"The interviews are taped, and are witnessed by a case worker from Children and Youth Services and a law enforcement official," Holtry said. "Those tapes then eliminate the need for children going through the traumatic experience of multiple repeated interviews. The tapes can also be used in court proceedings in the prosecution of the offenders through the district attorney's office. We would also anticipate using the forensic interviews to assist with children who have witnessed serious crimes, such as homicide, attempted homicide, and serious domestic violence."

Child abuse victims currently receive those services from the Children Resource Center in Harrisburg, said Megan Ryland-Tanner, who handles most of the county's child abuse prosecutions. The medical exams are critical for ensuring the health of the child and the taped interviews are especially useful to show to a jury, she said.

"If the child is 12 or under, the jury, nine times out of 10, gets to see it," she said. "That is a big deal, because it is when the child is initially disclosing it."

The Children's Resource Center in Harrisburg is run in conjunction with Pinnacle Health Systems, said the center's managing director Lynn Carson. Staff from there will initially work at the Lebanon facility, which at the outset will be open only one or two days a week.

"We do see a fair number of children from Lebanon County," she said. "When we spoke about the opportunity of having a satellite office here it just seemed to make sense rather than starting a whole entirely new center. We are able to use our expertise and reputation to work with the community."

Establishing a Children's Resource Center in Lebanon County has been a long-time goal of Jenny Murphy-Shifflet, executive director of the Sexual Assault Resource and Counseling Center.

"One of SARCC's goal as an agency for 10 or more years has been opening a Children's Resource Center," she said. "Initially we thought we would have room in our building that we share with the Lebanon Family Health Services. But there was not enough funding available for this program to become part of our building."

SARCC spearheaded a survey conducted by Lebanon Valley College students that helped establish a need in the county for a Children's Resource Center in Lebanon, Murphy-Shifflet added.

"SARCC also worked with the students at LVC putting together a survey from people in human service agencies, law enforcement and hospital personnel to support the case for a Children's Resource Center," she said.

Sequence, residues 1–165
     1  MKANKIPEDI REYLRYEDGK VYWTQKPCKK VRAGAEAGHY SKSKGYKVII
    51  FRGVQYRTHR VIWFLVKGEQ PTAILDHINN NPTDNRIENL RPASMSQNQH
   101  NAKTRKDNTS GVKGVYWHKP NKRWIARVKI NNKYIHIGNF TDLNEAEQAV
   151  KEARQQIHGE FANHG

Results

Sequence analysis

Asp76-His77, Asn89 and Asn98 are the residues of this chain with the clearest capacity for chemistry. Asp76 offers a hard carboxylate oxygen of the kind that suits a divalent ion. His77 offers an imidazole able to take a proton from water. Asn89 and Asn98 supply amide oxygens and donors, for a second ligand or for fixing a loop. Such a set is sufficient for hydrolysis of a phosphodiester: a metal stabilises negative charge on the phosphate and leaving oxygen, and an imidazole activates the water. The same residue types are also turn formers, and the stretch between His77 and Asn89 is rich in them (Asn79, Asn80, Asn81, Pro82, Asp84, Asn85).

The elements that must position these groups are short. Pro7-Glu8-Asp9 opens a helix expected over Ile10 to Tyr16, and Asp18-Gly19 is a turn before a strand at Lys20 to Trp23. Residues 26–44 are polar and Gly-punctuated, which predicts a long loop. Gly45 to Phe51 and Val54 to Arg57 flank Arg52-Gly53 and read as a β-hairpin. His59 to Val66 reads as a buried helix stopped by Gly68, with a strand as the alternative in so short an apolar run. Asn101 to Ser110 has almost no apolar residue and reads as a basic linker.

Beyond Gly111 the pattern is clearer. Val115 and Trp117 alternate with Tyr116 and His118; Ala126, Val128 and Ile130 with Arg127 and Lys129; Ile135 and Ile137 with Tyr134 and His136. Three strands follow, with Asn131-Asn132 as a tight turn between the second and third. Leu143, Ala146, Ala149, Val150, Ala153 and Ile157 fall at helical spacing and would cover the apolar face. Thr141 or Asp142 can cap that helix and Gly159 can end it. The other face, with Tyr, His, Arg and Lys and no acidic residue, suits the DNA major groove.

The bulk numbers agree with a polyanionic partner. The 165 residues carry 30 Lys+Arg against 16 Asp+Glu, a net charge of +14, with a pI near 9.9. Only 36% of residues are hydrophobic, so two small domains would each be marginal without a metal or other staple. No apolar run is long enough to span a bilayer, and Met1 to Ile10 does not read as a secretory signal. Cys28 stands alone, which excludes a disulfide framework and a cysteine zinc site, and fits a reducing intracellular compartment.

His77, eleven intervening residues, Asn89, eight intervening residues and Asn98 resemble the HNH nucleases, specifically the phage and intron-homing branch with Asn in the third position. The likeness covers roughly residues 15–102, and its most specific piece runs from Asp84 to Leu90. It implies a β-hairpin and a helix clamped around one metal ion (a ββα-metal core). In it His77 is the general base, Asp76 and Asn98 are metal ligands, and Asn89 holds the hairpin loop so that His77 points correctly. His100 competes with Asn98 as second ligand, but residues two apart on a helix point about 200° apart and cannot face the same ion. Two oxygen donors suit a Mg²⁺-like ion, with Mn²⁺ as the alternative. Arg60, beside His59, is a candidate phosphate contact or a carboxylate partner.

It took a collaborative effort with representatives from the District Attorney's Office, Children and Youth Services, Good Samaritan Health System, and Pinnacle Health Systems to bring it about Murphy-Shifflet said.

"This has been a very deliberate move to build our team and build our resources so that we could bring this to our community," she said.

While case workers from the Harrisburg office will initially staff Lebanon's facility, Murphy-Shifflet hopes for more local leadership in the future.

"Part of our goal is to increase interest in the project from the medical community, so ideally we can identify some local champions to help us out," she said. "This has been on my bucket list. In the 26 years I've been here, it has always been our goal to see that there are services in this community which better serve the children and their families."



Judge: Changing law may not fix child abuse issues

MONTPELIER — A month after a Rutland County toddler died from severe head trauma due to alleged abuse, Vermont senators heard testimony Wednesday that changing the laws might not address the problem.

At a second meeting of a special Senate panel reviewing state laws protecting children from abuse, Chief Administrative Judge Amy Davenport said some judges don't think custody issues in child abuse cases can be solved by legislation.

She described for the committee how judges decide temporary care issues and use kinship in making decisions.

Davenport said one judge told her that the current legal standards haven't impeded him in deciding custody cases, but “the concept of making sense when faced with only a choice of troubling alternatives is a problem that cannot be solved by different legislation.”

Davenport reported that 83 percent of Vermont's judges have attended out-of-state educational programs on topics related to juvenile cases, including child custody, and that 29 percent, mostly new judges, have attended an intensive child abuse and neglect institute.

Committee co-chairman Sen. Dick Sears, D-Bennington, and Sen. Kevin Mullin, R-Rutland, said that anecdotally they have become aware of possible regional differences in such cases.

Davenport said most child protection cases are driven by parental substance abuse. She said each case can be affected by district offices of the Department for Children and Families and what a prosecutor decides.

Drug abuse issues also vary from county to county.